Shifting the scene to the presidency, Levinson reviles the Electoral College as a lunatic way of choosing the chief executive. The madness permits the election of a president who loses the popular vote, prompts presidential candidates to pander to voters in a small number of so-called battleground (and often low-population) states, and conduces to horse-trading when a third party candidate captures enough votes to deprive any one candidate of an electoral college majority. Without such a majority, and in the worst of all possible scenarios, the election would be cast into the House of Representatives, where, given the one-state-one-vote basis of balloting, states with no more than 20 percent of the population could conceivably elect the president. Levinson’s other targets include the 10-week interval between election and inauguration, allowing a defeated president to governand do a lot of damagein the interim; the inability to get rid of an incompetent president; a vague commander-in-chief clause that presidents have exploited to justify their exercise of unbounded power during emergencies; and the mandate that presidents be native born, reducing naturalized Americans to second-class citizenship, thus depriving the most politically astute among them from aspiring to the nation’s highest office. Finally, while conceding that the customary two-term presidency has served Americans well overall, Levinson thinks it was a bad idea to have frozen this limitation into the 22nd Amendment.

As for the Supreme Court, Levinson objects mainly to life tenure for Supreme Court justices, a view, incidentally, that has considerable support in the legal academic community. Life tenure, he argues, erodes our democracy insofar as it keeps on the bench justices who have lost touch with contemporary values and realities. The system also prompts presidents to appoint younger judges on the basis of their political and group loyalties, a practice that in turn has transposed the confirmation process into warfare along ideological lines. Limited judicial terms, which is the norm for the highest constitutional tribunals of other advanced democracies, would arguably lower the political stakes involved in selecting Supreme Court justices. Finally, the author is harshly critical of Article 5, which lays down stringent conditions for amending the Constitution. He calls the provision a constitutional iron cage. Why? [B]ecause it works to make practically impossible needed changes in our polity. He might have noted in this respect that it took 180 years before Americans adopted the 25th Amendment, a desperately needed change to make possible the removal of a disabled president.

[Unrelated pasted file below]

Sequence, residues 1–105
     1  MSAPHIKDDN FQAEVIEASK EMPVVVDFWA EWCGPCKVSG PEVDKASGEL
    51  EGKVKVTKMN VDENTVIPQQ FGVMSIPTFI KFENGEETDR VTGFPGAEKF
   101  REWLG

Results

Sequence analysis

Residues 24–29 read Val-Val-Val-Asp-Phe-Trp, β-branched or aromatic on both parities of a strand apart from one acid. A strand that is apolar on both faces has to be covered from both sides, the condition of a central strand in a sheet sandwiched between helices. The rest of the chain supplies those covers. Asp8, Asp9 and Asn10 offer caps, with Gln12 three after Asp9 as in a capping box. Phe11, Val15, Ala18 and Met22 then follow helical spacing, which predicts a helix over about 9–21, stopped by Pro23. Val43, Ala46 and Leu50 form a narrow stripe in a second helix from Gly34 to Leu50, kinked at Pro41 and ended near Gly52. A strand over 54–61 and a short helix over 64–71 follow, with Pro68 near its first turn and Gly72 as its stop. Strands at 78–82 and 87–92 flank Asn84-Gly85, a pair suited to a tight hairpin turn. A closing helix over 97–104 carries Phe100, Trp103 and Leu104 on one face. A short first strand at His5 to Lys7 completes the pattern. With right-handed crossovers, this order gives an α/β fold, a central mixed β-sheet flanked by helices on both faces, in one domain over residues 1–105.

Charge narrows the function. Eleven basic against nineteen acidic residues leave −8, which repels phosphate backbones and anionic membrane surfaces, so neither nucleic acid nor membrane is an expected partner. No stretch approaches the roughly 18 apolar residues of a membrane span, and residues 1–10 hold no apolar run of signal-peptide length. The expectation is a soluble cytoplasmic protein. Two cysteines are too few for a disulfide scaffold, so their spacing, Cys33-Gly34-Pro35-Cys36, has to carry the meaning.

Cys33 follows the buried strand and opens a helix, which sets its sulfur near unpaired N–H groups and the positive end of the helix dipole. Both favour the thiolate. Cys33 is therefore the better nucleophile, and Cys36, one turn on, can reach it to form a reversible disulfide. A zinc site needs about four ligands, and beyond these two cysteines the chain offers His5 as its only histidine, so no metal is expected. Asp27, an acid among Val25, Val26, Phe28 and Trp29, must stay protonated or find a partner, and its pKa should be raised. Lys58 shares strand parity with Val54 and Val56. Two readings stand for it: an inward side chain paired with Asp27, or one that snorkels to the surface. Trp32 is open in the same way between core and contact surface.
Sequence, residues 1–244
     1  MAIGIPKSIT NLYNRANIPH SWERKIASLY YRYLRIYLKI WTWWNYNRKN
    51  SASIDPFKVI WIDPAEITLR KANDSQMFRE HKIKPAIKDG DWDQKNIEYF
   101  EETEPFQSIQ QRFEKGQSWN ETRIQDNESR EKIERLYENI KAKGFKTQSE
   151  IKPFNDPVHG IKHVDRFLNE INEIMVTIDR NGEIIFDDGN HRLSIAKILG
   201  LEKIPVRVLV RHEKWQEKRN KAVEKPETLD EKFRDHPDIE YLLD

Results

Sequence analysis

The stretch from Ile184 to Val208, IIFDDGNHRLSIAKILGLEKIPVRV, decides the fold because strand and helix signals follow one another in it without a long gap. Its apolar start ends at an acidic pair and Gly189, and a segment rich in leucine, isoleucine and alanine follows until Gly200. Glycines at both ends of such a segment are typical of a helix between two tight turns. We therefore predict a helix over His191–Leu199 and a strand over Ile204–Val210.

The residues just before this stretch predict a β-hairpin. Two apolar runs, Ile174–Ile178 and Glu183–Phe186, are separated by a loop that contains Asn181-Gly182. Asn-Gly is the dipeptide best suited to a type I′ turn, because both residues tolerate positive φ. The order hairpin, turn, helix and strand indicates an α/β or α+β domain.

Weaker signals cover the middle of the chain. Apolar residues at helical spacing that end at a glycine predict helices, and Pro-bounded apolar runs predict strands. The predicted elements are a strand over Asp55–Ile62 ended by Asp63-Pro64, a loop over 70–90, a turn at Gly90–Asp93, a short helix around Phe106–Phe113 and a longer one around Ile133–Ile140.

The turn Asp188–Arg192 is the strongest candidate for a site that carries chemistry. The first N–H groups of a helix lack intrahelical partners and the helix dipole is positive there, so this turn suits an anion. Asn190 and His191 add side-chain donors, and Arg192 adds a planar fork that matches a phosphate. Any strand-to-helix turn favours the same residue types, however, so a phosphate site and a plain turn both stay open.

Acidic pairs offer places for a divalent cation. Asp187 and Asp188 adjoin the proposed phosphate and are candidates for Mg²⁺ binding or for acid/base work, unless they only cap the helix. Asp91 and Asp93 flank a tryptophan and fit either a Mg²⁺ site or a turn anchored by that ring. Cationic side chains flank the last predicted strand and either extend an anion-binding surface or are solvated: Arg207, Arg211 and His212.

Americans would be well advised to take these criticisms seriously. A constitution written over 200 years ago in circumstances altogether different from our complicated society of today was bound to throw up roadblocks in the path of the political democracy the United States has since become. Levinson would seem to prefer a parliamentary system of the European variety. Such a system might do away with lame duck institutions and make it easier to get rid of a chief executive who has lost the confidence of the country. But whether it would measurably improve the quality of our democracy, produce fewer deadlocked governments or more competent presidents is by no means certain.

Since a new constitutional convention is unlikely, even in the distant future, there are nevertheless reforms of a non-constitutional nature that might facilitate a larger measure of democratic governance. They include the abolition of the filibuster, a radical change in campaign financing and the reallocation of electoral votes by congressional district results. It would even be possible to fix the terms of Supreme Court justices by reassigning them to the lower federal courts after their terms expire. One suspects, however, that even these changes would be difficult to achieve in a political environment currently biased to favor special interests over the common good.

Donald P. Kommers is the Robbie Professor of Political Science and a concurrent professor of law at the University of Notre Dame, Ind.